(02/17/2013, 01:27 PM)Balarka Sen Wrote: [ -> ]Hi,

I was reading the article and found that the author describes a method to extend the tetration to reals. It uses the recursive relation and the differentiability requirement but a piecewise argument, hence not following the continuity requirement(?). It was a nice method, I am thinking about using it in practice. But I wonder if there are any way to extend the a^^x to complex values of a and x. Do we already have such analytic continuation? I am mainly interested in the recursion and differentiability requirement.

Balarka

.

What were you reading? I can think of the Wikipedia article, Hooshmand's paper, and Andrew Robbins' paper. These all mention a piecewise method, and the Wiki article mentions a "differentiability requirement".

As for the question of how to extend to complex values, there are a few that seem to give the same result, namely Kneser's method and the Cauchy integral. There is also the "continuum sum", the "matrix method" and the above mentioned Robbins' method (which you may be referring to). All five of these

appear to yield the same result, but it is not proven, as far as I can tell. In theory, these should be able to define

for any complex a and z. But the currently-available implementations only work for more limited ranges of bases a.

(Ed: The Cauchy integral may not work for bases on the real interval

, at least if we want it to be analytically compatible with the rest of the bases. Tetration, it seems, as given by these methods has branch points at

,

, and

(and possibly more) in the base. A cut is taken on

to yield a principal branch, and we can define in there (at the cost of discontinuity) via the "continuity from above" convention. Tetration is not real-valued on this interval for non-integer "heights". So far, I'm not sure any luck has been had at solving the Cauchy integral equation on a complex base of any sort, though -- the simple algorithm seems not to want to converge, at least that was my experience trying to toy around with it. There may be more sophisticated methods out there that could be used.)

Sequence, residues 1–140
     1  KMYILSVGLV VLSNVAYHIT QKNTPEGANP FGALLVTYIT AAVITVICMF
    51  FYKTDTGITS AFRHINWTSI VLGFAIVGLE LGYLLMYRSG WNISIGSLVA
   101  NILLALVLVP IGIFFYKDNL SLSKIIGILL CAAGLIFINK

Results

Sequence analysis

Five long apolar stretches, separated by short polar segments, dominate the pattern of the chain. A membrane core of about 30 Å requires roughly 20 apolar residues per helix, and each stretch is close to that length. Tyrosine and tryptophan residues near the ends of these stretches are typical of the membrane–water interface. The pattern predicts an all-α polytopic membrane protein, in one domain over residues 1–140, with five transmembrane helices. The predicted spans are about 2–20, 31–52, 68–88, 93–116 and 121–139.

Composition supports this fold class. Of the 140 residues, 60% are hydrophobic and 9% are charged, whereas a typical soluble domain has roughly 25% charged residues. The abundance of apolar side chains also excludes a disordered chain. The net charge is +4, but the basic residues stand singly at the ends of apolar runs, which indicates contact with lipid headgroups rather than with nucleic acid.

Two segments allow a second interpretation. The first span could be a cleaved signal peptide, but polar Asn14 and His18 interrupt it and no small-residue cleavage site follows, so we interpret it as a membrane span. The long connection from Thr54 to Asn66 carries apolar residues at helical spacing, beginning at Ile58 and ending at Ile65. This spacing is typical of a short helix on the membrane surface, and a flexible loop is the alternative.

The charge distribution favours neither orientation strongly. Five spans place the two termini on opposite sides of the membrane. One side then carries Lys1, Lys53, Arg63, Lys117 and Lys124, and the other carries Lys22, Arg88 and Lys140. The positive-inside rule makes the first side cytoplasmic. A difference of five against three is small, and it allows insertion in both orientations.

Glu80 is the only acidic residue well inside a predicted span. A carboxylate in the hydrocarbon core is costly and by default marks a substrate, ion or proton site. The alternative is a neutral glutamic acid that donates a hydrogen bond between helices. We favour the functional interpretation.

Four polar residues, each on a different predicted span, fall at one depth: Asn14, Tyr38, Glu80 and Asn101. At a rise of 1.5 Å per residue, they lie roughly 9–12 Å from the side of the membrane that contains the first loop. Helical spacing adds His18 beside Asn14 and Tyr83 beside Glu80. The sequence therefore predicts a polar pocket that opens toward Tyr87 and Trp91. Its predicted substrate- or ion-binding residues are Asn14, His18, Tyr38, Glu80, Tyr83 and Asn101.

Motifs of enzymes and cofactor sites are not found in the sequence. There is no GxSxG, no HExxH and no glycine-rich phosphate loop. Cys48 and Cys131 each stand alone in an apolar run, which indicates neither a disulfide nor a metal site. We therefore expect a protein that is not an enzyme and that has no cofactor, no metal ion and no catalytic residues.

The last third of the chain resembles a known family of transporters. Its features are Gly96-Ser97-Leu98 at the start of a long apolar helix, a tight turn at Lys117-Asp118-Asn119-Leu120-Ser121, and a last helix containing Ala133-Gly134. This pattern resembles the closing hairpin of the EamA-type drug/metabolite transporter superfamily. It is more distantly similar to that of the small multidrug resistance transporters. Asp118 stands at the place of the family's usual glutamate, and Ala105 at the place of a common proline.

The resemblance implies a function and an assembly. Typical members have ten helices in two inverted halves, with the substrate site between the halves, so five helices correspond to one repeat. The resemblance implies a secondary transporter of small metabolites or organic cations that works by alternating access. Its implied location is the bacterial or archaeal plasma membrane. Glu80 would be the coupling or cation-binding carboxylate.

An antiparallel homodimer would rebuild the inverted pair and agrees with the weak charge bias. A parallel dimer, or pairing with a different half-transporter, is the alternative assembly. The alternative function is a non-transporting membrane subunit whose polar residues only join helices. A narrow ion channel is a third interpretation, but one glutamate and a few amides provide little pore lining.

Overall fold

See here:

https://bitbucket.org/bo198214/bunch/downloads/main.pdf
for a description of these methods. You'll want to pay attention to the "regular iteration", for it serves as the basis for the Kneser solution, and also because it gives a real-valued extension of tetration for bases in

-- though not one that can be analytically continued to most of the complex plane in terms of bases.

Other methods have been proposed which give different answers, however the Kneser solution has a simple uniqueness condition based on the inverse function (see here:

http://eretrandre.org/rb/files/Trappmann2009_82.pdf, also see sheldonison's post here:

http://math.stackexchange.com/questions/...-tetration -- there's another uniqueness condition given, though I'm not sure if this one has a proof.). Some of these other methods include the "sinh" method, which does not seem to even yield an analytic solution (so cannot be extended to

complex heights, and perhaps not even complex

bases either), and recently, another method based on divergent summation of "iterate series". The sinh method does appear to be at least smooth, but again, this is not proven.

So yes, a lot of methods and proposals, some of which agree with each other, others which don't. And there's a whole lot that's conjecture and not proven. But one can make a case for the Kneser solution due to the simple uniqueness condition, and Robbins' method computes it for at least a limited range of heights and bases in the complex plane. "sheldonison" and I have also written Pari/GP codes that implement the Kneser methods, which give tetration to any complex height, and for possibly (though the current code doesn't allow for it) any complex base:

Description of Kneser solution:

http://math.eretrandre.org/tetrationforu...hp?tid=213
The algorithm:

http://math.eretrandre.org/tetrationforu...hp?tid=486
http://math.eretrandre.org/tetrationforu...hp?tid=487
The code:

http://math.eretrandre.org/tetrationforu...hp?tid=486
http://math.eretrandre.org/tetrationforu...hp?tid=729
(sheldonison's)

http://math.eretrandre.org/tetrationforu...hp?tid=664
(my own implementation -- you'll want the code from the last message -- I had some difficulties with the first code)

http://math.eretrandre.org/tetrationforu...hp?tid=687
(my program for some complex bases)

This would, I believe, provide a fair positive answer to "is there a way to extend a^^x to complex a and x".